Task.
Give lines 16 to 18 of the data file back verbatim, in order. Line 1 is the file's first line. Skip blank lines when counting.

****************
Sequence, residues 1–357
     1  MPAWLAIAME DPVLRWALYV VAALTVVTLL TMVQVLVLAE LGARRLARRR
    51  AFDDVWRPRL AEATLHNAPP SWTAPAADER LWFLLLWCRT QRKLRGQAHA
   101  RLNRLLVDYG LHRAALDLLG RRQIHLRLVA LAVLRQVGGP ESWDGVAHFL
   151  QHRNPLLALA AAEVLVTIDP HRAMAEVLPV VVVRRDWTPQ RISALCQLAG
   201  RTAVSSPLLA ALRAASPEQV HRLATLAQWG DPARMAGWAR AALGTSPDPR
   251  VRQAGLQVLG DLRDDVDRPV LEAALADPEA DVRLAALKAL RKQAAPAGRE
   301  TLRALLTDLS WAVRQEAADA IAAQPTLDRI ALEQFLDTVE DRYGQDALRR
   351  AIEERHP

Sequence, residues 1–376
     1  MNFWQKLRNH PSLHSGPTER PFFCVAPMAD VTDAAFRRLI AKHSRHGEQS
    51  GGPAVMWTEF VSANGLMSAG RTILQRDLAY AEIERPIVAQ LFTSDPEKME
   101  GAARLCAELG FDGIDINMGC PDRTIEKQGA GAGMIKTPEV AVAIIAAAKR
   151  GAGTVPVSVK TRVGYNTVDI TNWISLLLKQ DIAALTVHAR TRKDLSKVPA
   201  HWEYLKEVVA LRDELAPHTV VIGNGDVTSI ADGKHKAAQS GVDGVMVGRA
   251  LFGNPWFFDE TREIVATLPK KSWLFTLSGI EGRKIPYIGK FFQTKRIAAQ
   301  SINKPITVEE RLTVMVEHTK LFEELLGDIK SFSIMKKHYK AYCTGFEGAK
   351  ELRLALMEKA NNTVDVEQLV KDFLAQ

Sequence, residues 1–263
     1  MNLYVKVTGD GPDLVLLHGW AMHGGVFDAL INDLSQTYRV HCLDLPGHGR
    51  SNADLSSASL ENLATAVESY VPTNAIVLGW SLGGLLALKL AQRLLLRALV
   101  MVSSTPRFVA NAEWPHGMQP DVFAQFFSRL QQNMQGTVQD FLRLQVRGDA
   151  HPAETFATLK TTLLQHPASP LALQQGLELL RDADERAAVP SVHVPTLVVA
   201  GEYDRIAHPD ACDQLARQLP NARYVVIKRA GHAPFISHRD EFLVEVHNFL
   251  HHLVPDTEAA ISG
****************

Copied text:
   251  LFGNPWFFDE TREIVATLPK KSWLFTLSGI EGRKIPYIGK FFQTKRIAAQ
   301  SINKPITVEE RLTVMVEHTK LFEELLGDIK SFSIMKKHYK AYCTGFEGAK
   351  ELRLALMEKA NNTVDVEQLV KDFLAQ